Further examining the same question about projected sales from the 2021 State of the Industry, only 47% of residential contractors expected an increase in 2022 solar sales and 51% of commercial contractors anticipated the same. When paired with the actual results, solar sales were higher than anticipated. Given the incentives provided by the Inflation Reduction Act for green solutions, contractors may want to keep a close eye on the solar market.
OVERCOMING SUPPLY SHORTAGES
The optimism for future sales are in spite of challenges on multiple fronts that impede operations, the largest of which is supply chain woes. Unfortunately, the survey results show few signs of it slowing down.
Increased material costs is the top perceived challenge (55%), down from 71% in last year’s survey. While this is hopeful, 51% of contractors say supply chain and material shortages are a top challenge, up from 46% last year.
To put a finer point on it, cost increases caused by supply chain shortages are having the biggest impact on contractors (81%), followed by project delays (73%). The delays are hitting the commercial side harder, with 82% of commercial contractors listing it as a problem compared to 67% of residential.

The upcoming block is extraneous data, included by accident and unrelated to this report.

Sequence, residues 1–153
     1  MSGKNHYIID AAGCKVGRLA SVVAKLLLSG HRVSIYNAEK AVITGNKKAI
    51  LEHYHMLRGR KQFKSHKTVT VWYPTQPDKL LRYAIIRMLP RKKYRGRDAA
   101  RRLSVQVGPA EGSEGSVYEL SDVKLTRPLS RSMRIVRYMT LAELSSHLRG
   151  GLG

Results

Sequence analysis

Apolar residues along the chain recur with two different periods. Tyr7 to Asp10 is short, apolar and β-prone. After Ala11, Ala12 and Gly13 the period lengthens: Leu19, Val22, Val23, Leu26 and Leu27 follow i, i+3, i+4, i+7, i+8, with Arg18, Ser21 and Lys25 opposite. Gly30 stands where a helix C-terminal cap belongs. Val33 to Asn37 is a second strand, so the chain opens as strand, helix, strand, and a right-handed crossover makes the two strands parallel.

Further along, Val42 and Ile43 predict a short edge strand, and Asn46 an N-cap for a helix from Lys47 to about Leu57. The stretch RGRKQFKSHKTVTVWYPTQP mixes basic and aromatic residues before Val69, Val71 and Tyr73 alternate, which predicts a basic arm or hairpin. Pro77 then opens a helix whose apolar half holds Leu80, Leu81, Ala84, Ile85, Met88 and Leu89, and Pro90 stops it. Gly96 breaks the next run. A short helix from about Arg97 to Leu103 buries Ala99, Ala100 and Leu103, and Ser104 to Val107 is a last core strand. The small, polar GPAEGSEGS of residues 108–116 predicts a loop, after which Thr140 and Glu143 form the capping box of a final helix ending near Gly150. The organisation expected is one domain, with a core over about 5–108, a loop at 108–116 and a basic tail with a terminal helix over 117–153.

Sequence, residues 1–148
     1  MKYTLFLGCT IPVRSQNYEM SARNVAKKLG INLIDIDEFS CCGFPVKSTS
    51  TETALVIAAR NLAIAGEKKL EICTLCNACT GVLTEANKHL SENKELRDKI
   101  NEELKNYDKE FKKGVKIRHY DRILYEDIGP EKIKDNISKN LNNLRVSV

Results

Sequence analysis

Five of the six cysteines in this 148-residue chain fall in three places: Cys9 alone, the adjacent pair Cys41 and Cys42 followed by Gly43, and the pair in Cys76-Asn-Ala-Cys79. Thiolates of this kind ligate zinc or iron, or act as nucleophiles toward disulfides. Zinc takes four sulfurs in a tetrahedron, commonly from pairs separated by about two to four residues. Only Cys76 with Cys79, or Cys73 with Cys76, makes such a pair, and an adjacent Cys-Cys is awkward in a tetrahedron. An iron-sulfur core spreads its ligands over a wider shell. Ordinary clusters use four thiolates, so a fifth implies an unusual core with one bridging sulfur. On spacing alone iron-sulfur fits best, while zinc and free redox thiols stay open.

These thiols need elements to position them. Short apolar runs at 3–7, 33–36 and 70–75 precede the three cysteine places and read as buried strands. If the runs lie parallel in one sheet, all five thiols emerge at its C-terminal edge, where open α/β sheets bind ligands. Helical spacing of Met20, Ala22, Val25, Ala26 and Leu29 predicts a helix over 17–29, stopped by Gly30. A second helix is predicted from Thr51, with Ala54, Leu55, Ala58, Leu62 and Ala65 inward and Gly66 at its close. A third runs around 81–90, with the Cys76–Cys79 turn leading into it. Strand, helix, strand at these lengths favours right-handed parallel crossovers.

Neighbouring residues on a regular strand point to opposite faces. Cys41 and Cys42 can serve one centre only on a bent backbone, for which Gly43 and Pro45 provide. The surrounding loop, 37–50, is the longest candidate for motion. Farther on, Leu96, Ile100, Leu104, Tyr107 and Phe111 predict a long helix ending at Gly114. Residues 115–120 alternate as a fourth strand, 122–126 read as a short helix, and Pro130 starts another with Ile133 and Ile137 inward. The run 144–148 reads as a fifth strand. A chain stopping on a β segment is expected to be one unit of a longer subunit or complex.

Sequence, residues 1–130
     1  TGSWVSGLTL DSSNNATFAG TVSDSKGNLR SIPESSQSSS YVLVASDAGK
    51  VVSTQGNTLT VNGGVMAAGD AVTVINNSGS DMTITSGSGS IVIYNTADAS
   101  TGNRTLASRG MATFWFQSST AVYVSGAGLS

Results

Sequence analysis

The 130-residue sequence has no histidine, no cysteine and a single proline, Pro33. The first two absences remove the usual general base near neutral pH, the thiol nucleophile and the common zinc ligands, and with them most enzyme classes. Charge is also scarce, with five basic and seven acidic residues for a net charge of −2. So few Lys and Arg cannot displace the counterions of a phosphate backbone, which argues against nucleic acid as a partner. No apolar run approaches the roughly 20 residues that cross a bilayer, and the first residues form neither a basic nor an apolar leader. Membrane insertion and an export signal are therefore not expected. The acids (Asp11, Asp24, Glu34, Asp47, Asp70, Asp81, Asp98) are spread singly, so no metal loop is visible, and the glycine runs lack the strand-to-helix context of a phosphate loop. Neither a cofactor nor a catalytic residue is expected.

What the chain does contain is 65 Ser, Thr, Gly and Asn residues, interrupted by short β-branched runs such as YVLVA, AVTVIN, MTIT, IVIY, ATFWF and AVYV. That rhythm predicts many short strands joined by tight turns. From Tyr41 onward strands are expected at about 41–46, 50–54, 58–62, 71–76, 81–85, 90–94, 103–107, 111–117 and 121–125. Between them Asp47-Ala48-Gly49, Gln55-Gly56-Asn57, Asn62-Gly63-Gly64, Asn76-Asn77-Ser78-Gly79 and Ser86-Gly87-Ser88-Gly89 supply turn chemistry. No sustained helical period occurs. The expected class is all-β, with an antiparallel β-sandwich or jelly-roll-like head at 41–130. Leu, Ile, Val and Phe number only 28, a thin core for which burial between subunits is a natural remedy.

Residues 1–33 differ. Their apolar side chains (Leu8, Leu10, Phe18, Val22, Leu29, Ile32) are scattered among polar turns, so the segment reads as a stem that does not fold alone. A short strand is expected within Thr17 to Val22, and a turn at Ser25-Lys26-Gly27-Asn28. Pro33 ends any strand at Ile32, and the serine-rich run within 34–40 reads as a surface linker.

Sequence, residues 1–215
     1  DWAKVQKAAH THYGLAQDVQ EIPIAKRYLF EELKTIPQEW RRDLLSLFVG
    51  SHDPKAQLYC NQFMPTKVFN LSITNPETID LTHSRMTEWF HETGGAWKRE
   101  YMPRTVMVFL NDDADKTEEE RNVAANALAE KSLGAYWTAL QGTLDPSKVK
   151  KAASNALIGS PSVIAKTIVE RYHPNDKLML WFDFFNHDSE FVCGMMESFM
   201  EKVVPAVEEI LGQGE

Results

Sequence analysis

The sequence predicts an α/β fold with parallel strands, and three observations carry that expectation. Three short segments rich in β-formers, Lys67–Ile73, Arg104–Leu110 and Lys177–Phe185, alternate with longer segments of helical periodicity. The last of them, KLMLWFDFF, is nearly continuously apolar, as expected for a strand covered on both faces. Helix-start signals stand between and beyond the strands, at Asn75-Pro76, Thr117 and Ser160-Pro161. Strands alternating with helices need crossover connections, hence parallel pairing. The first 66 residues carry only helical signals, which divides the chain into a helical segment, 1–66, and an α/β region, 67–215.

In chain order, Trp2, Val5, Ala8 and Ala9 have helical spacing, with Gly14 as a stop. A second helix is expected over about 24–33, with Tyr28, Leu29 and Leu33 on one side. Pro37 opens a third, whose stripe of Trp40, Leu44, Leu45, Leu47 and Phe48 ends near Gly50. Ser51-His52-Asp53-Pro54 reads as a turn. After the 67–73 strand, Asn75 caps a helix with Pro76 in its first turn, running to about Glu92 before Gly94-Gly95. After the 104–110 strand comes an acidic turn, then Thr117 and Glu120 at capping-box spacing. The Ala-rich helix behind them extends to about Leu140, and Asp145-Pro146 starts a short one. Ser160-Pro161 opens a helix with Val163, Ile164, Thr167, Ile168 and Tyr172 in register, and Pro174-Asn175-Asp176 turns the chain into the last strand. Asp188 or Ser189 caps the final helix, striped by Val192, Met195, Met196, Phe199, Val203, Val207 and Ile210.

The next largest impact due to supply shortages is hard-to-get materials at 71%, followed by planning difficulties (59%). Finding alternative products or suppliers (58%) rounded out the top five issues.
It’s worth noting that, in last year’s survey, 23% of contractors said supply shortages have had little to no impact. In this year’s survey, only 5% reported little to no impact, illustrating just how serious the problem became in a matter of one year.
Unlike last year, concerns about inflation and the economy rounded out the top three largest challenges, with 47% of respondents listing it. This bumped last year’s issue of lack of qualified workers to fourth at 42%, down from nearly half (49%).
In a new inquiry for this year’s survey, contractors were asked to list anticipated lead times for roofing product deliveries. Most said one to four weeks (42%). The majority of that response came from residential. Another 30% said five to eight weeks, 17% said nine to 12 weeks, and 12% listed more than 12 weeks.